visitors should not be present during any patient related procedures.

                               Australian and New Zealand Intensive Care Society
                                    Tel +61 3 9340 3400 Fax +61 39340 3499
                                              ABN: 81 057 619 986
                       Suite 1.01, Level 1, 277 Camberwell Road, CAMBERWELL VIC 3124
                                   anzics@anzics.com.au www.anzics.com.au

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Personal Protection Equipment
In ICU there is an increased risk of dispersion of aerosolised virus into the healthcare
environment due to the nature of critical illness, higher viral load and the performance
of aerosol generating procedures. We therefore recommend that airborne PPE
precautions should be used to care for all COVID-19 patients in intensive care. This
includes the use of high flow nasal oxygen in non-ICU environments.

We recommend against the use of improvised, non-standard PPE, as poorly
standardized PPE potentially poses a risk to the user.

We also recommend minimising aerosol generating procedures. If they must be
performed, then they should be completed in a negative pressure room (class N room).
If this is not available, then a single room (Class S) should be used. Aerosol generating
procedures include:
   -   Intubation
   -   Extubation
   -   Bronchoscopy
   -   High flow nasal oxygen use
   -   Non-invasive ventilation (particularly with a poorly fitting mask)
   -   Procedures on screaming children
   -   Tracheostomy
   -   CPR prior to intubation

We recommend against the use of nebulised agents (e.g. salbutamol, saline) for the
treatment of non-intubated COVID-19 patients due to the risk of aerosolization and
transmission of infection to health care workers in the immediate vicinity.

Training in PPE
We recommend that all intensive care personnel (medical, nursing, allied health,
cleaning and ward assistants) receive training in infection control and personal
protection equipment. We recommend that all personnel receive individual N95 mask
fit checking. We suggest N95 fit testing, if available, recognising that the evidence for
fit testing effectiveness is limited and that the variation and supply of N95 mask types
will make any recommendation on fit testing difficult to implement from a practical
perspective.

Application of PPE
We recommend that when a unit is caring for a confirmed or suspected COVID-19
patient that all donning and doffing are supervised by an additional appropriately
trained staff member.
                                Australian and New Zealand Intensive Care Society
                                     Tel +61 3 9340 3400 Fax +61 39340 3499
                                               ABN: 81 057 619 986
                        Suite 1.01, Level 1, 277 Camberwell Road, CAMBERWELL VIC 3124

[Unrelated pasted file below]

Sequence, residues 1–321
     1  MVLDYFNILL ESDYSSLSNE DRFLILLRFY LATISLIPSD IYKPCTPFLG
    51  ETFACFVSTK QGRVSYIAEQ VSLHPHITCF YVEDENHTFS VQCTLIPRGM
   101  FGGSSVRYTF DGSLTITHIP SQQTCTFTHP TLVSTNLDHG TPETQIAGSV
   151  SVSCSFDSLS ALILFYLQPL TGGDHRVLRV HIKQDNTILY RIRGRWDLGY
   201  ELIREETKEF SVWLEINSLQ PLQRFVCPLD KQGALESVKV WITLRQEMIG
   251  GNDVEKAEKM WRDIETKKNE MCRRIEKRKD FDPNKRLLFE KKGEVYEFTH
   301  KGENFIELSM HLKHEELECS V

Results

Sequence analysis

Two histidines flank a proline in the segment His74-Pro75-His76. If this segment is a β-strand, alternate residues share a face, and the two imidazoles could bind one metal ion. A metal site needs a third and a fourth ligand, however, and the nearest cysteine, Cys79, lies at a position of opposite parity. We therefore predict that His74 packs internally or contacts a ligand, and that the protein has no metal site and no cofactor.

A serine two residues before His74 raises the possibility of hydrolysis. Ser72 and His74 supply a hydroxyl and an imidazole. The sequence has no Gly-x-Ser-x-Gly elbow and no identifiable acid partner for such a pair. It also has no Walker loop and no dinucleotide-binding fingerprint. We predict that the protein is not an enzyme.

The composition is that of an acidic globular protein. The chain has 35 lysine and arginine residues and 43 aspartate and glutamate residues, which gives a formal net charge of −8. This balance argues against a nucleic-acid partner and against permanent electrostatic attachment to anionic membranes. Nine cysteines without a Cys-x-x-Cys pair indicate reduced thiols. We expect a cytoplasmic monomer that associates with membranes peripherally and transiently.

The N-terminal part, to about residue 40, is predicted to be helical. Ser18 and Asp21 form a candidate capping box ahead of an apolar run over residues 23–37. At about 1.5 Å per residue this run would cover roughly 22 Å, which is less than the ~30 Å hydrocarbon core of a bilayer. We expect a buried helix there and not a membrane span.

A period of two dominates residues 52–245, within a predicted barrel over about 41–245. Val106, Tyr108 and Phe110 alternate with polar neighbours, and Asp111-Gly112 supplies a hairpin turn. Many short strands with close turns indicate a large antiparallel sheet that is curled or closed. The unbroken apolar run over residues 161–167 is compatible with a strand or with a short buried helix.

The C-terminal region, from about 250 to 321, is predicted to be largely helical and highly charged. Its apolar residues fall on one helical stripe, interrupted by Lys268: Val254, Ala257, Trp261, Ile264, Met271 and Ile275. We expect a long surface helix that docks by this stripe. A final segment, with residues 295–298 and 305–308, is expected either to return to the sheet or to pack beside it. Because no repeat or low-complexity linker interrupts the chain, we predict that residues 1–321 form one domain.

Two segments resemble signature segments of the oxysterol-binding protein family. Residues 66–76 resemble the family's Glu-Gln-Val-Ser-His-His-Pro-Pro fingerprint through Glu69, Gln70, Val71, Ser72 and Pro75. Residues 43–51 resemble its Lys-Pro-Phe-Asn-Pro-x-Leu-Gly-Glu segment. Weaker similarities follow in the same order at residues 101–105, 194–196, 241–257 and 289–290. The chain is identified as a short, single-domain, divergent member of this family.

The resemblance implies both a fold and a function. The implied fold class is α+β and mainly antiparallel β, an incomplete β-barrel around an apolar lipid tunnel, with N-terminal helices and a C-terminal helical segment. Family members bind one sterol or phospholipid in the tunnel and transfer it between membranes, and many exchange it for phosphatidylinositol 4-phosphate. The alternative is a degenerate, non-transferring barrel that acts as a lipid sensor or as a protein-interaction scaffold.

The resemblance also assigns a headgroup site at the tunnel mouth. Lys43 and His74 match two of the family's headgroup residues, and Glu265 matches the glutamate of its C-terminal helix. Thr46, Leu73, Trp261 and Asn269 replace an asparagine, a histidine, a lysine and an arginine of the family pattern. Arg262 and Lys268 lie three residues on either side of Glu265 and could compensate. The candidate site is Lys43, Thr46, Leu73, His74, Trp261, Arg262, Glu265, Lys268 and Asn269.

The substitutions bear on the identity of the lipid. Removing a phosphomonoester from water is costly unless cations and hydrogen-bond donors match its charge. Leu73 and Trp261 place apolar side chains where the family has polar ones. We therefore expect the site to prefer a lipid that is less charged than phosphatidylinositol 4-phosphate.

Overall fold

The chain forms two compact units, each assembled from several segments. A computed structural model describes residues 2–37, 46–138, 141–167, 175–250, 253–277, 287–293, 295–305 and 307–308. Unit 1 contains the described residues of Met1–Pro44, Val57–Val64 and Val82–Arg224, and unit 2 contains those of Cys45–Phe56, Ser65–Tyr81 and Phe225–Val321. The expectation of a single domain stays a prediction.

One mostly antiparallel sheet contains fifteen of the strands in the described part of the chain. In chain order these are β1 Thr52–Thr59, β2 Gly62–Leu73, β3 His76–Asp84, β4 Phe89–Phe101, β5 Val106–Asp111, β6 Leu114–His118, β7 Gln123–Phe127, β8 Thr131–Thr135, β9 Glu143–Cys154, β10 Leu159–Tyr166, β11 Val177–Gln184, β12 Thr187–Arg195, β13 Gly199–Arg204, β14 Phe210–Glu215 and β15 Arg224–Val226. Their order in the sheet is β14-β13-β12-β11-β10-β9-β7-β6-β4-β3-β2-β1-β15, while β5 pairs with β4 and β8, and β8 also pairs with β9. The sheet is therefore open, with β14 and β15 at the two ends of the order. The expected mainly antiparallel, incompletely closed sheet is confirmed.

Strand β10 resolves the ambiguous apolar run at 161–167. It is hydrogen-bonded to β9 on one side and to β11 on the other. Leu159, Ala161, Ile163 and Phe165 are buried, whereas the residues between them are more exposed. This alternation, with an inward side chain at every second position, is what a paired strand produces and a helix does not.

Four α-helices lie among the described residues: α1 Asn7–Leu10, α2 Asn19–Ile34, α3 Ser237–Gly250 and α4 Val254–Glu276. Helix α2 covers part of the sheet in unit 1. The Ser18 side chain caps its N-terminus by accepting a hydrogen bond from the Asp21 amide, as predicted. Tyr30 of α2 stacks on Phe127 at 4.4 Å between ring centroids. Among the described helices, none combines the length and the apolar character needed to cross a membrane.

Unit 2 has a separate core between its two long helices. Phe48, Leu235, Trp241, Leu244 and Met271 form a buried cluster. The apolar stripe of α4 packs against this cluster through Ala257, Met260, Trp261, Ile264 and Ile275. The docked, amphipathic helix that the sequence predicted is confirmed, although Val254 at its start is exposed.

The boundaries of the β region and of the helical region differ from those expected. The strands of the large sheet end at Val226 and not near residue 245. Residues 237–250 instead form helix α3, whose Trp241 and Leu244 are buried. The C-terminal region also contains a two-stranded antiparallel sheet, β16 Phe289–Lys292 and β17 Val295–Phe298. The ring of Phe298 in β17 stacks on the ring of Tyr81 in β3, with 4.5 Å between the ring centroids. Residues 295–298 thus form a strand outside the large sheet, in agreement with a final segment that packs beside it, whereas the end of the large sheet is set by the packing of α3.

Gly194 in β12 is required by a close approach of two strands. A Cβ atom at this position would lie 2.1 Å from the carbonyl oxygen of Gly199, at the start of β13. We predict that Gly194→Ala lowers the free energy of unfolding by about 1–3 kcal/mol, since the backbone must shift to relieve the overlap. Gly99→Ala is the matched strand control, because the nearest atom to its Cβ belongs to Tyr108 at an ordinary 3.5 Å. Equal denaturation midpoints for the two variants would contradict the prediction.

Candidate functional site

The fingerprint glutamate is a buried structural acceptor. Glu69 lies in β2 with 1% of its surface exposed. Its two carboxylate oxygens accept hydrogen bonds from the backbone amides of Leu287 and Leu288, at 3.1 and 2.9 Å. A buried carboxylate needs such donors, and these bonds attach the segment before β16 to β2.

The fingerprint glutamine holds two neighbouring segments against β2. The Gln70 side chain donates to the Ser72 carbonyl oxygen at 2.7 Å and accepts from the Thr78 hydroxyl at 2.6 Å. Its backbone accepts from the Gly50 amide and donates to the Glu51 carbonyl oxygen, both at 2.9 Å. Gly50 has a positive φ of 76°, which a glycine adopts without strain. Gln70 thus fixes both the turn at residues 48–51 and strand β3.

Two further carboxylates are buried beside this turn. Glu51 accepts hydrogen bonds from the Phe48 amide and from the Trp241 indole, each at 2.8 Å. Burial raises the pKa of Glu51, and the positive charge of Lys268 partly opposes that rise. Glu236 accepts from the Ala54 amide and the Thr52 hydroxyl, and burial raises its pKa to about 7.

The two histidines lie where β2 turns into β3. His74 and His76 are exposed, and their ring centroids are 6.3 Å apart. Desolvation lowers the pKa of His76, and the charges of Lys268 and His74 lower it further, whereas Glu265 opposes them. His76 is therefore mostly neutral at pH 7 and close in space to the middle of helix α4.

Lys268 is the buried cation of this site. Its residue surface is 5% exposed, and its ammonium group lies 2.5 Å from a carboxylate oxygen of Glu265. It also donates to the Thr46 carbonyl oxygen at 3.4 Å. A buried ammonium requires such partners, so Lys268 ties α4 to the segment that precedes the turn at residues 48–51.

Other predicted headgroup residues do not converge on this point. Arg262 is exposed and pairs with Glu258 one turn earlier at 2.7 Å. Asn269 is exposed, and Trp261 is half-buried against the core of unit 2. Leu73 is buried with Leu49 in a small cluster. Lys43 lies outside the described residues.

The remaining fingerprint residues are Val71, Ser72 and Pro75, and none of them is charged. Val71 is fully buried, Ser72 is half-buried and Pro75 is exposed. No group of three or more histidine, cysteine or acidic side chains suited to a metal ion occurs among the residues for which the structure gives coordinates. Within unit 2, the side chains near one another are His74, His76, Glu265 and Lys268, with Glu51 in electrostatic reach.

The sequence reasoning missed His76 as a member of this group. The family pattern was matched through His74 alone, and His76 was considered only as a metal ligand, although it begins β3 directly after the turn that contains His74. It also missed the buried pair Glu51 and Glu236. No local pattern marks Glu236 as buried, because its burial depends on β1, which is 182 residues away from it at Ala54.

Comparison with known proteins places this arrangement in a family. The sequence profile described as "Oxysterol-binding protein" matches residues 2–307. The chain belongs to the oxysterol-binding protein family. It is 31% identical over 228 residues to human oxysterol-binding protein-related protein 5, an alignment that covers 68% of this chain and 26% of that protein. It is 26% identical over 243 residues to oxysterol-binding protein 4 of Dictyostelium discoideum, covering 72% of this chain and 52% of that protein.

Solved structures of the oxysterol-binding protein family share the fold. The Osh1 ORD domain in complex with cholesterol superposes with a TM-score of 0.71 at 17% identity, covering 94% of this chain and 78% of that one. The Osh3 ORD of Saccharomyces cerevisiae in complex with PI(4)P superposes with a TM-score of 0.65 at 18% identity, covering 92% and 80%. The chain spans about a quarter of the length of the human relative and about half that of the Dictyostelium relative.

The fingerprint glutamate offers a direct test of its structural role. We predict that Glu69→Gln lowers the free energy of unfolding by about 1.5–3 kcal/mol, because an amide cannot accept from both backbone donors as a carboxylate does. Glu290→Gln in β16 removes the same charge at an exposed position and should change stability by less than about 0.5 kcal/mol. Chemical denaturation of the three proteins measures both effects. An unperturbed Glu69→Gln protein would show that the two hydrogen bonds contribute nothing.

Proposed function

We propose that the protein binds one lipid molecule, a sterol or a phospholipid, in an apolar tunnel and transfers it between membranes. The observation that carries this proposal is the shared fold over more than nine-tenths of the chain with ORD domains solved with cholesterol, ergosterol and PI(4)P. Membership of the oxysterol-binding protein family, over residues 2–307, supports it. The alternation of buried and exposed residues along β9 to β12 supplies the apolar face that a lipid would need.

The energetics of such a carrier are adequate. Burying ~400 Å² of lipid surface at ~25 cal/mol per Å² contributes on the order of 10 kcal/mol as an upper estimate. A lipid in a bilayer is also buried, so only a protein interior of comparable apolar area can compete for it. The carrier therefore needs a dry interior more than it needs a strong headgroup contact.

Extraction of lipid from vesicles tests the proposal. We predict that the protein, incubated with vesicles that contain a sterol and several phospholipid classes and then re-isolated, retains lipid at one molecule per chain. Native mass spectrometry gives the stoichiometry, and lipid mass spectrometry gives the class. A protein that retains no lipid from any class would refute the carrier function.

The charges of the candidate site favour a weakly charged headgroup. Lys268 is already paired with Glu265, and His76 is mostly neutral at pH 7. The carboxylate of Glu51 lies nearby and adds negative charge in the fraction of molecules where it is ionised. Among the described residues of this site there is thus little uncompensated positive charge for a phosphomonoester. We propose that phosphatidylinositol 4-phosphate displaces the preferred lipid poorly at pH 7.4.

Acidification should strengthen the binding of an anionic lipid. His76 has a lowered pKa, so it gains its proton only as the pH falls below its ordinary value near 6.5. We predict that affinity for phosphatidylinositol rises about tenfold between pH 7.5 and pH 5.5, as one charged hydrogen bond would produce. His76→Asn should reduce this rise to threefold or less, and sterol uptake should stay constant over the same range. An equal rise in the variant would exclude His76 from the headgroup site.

anzics@anzics.com.au www.anzics.com.au

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Specific recommendations for airborne precautions should follow national infection
control recommendations including fit checked N95 mask, googles, impervious gown
and gloves. In addition, the following can be considered:

   -   Hair cover for aerosol generating procedures (AGP).
   -   Shoes that are impermeable to liquids. Recurrent use of shoe covers is not
       recommended as repeated removal is likely to increase the risk of staff
       contamination.

Avoiding environment cross contamination:
The following is recommended to minimise the risk of contamination of staff via
equipment:

   -   Avoid sharing ICU equipment. Preferentially use only single use equipment.
   -   Minimise personal effects in workplace
   -   No personal devices in COVID-19 areas
   -   Stethoscope use should be minimised

We recommend cleaning of clinical and non-clinical areas complies with national
and jurisdictional standards for COVID-19. It is vital that staff providing cleaning and
ancillary services are provided with appropriate training in PPE.

Powered Air Purifying Respirators (PAPR) are above the recommended standard
for staff protection against COVID-19. However, in units where their use is already in
place and appropriate training is available, they may be considered for AGP such as
semi-elective intubations or prolonged continuous care of non-intubated patients.

Staff Care and Well Being
A focus on the care and protection of staff is absolutely vital for staff well-being and to
ensure a safe, sustainable workforce and to maintain high quality clinical care. It
should be recognised that intensive care staff will likely have an increased workload
with a heightened anxiety both at work and at home.

In periods of social disruption, such as school closures, we recommend health care
workers are supported by appropriate measures to ensure that they can still attend
work. This could include access to additional paid leave being provided to partners of
health care workers.